“For instance, investing in an emerging market like China calls for a specific understanding of local behaviour, especially because the Chinese stock market is mainly dominated by retail investors,” says Goursat. “This is what the Rayliant Index aims to do, enhancing quantitative methods with fundamental insights to capture systematic alpha.”
For its investors, the benefit of this index format over an investment fund are the same as other indexes launched in partnership with lower fees, greater transparency and flexibility.
For this particular index there is also a risk management benefit for Credit Suisse, however. It allows the bank to recycle its A-share inventory by providing derivatives to hedge funds, thereby extracting the full value of trading through an index, and pushing the cost for end-investors to close to zero.
The bank also introduced its QIS solutions for risk management, and these proved their worth during the two instances last year when equity markets slumped. The solutions that the bank put forth helped hedge against tail risk, which has typically proven to be costly for clients as it amounts to providing protection against events that are generally considered unlikely and hence cannot be easily validated statistically.
Credit Suisse introduced the tail hedging component in its alternative risk premia index solution in 2018 as one of the buckets to manage risks. This bucket provided the tail hedge exposure to options and hedges against drawdowns of the risky asset component in the index during extreme, tail-market dislocations. Another bucket of the strategy was the risk premia component on carry reduction, which is used to finance the cost of hedging by investing into uncorrelated strategies.
The solution weathered the volatile bouts over the past year and thereby reduced risk for clients and at the same time gave them outperformance, says Goursat. The bank has evolved the strategy this year to meet changing markets, which has provided the outperformance this year, he says.
Leveraging ‘One Bank’
The bank’s platform and its ability to ensure various departments—markets, investment banking and private banking—worked in sync has been crucial for the success of the strategies.
For example, Quantum, a front-to-back platform for actively rebalanced indexes providing features such as automated reporting, price calculation and booking, has been crucial to Credit Suisse in the index solutions investment it launched in 2018 and 2019.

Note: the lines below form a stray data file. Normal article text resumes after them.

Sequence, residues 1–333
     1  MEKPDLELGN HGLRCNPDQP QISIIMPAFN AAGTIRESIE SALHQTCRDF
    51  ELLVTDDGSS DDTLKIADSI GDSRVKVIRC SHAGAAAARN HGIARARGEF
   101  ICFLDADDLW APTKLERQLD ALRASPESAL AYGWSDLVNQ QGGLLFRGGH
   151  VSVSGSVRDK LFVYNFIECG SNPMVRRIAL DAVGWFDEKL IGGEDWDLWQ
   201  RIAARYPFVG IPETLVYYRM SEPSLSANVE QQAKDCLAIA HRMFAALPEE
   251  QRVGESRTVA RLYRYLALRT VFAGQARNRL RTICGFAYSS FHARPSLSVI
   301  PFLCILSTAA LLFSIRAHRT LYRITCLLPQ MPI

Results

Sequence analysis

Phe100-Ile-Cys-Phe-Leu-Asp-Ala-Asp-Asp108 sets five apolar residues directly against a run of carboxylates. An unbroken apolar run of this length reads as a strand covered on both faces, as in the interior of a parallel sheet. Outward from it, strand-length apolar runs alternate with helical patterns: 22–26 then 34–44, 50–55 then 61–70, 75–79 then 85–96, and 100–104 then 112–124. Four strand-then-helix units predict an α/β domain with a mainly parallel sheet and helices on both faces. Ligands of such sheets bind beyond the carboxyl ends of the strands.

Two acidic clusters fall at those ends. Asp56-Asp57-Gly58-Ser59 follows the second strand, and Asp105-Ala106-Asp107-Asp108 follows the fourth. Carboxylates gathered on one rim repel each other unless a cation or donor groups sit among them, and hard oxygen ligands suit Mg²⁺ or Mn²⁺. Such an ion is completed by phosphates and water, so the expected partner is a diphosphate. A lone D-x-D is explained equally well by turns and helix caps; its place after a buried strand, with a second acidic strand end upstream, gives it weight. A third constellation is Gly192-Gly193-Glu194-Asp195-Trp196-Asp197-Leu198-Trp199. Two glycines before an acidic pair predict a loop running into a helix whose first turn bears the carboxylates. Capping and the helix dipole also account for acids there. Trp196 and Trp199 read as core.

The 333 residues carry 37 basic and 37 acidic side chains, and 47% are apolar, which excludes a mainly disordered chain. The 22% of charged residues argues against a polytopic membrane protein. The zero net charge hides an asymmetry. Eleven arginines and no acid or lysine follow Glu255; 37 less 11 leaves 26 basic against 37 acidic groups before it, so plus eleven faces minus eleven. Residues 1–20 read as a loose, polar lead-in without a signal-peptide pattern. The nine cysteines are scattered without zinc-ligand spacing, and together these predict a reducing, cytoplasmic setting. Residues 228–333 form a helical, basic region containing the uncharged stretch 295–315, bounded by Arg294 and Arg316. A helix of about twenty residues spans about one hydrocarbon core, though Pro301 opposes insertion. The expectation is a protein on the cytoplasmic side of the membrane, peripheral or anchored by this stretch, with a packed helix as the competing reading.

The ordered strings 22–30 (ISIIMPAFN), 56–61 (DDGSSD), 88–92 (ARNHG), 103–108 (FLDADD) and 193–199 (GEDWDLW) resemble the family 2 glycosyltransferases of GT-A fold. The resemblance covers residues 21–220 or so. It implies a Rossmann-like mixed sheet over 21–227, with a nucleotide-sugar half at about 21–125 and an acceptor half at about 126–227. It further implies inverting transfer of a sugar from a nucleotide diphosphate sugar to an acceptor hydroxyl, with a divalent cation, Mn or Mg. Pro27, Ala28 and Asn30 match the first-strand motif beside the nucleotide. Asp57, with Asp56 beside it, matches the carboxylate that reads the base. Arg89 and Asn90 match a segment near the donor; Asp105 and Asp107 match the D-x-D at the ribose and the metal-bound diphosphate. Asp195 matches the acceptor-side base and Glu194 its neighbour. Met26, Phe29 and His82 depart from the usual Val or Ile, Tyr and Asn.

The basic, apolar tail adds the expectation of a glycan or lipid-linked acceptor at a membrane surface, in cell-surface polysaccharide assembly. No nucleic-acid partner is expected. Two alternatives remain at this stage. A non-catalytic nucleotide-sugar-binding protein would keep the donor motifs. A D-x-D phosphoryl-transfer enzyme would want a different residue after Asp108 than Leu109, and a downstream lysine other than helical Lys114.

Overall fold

“Clients trust our platform’s ability to deliver and are attracted to our diverse offering of investment managers across various strategies,” says Goursat.
Credit Suisse’s ability to deliver cross-asset solutions to clients has also been further facilitated by an internal restructuring of the bank’s regional business effected in April 2019. Through this restructuring, a new division that the bank calls Asia-Pacific Trading Solutions was established, bringing the bank’s institutional solutions business under one leadership. ATS was set up, the bank says, with the specific aim of serving regional clients with quick-to-market cross-asset solutions.
Leveraging on the cross-divisional integration of its markets, private bank and investment management teams Credit Suisse has also proved valuable. The ‘One Bank’ strategy, says Goursat, was crucial to the development of the Global Yield Balanced index, a ‘long only’ global multi-asset index that aims to deliver returns at a lower volatility than the overall market.
As of March 2019, the Global Yield Balanced index has been able to deliver a net return to investors of 3.12% in comparison to a peer average of 1.4%.
“Via a ‘look-through’ approach offered by actively-managed indices, investors themselves are educated on how to manage portfolios and gain personal insights into the world of investment management,” Goursat says.
“The asset managers we work with in turn gain access to our strong network of both institutional investors and private banking clients – a classic example of Credit Suisse’s successful ‘One Bank’ framework.”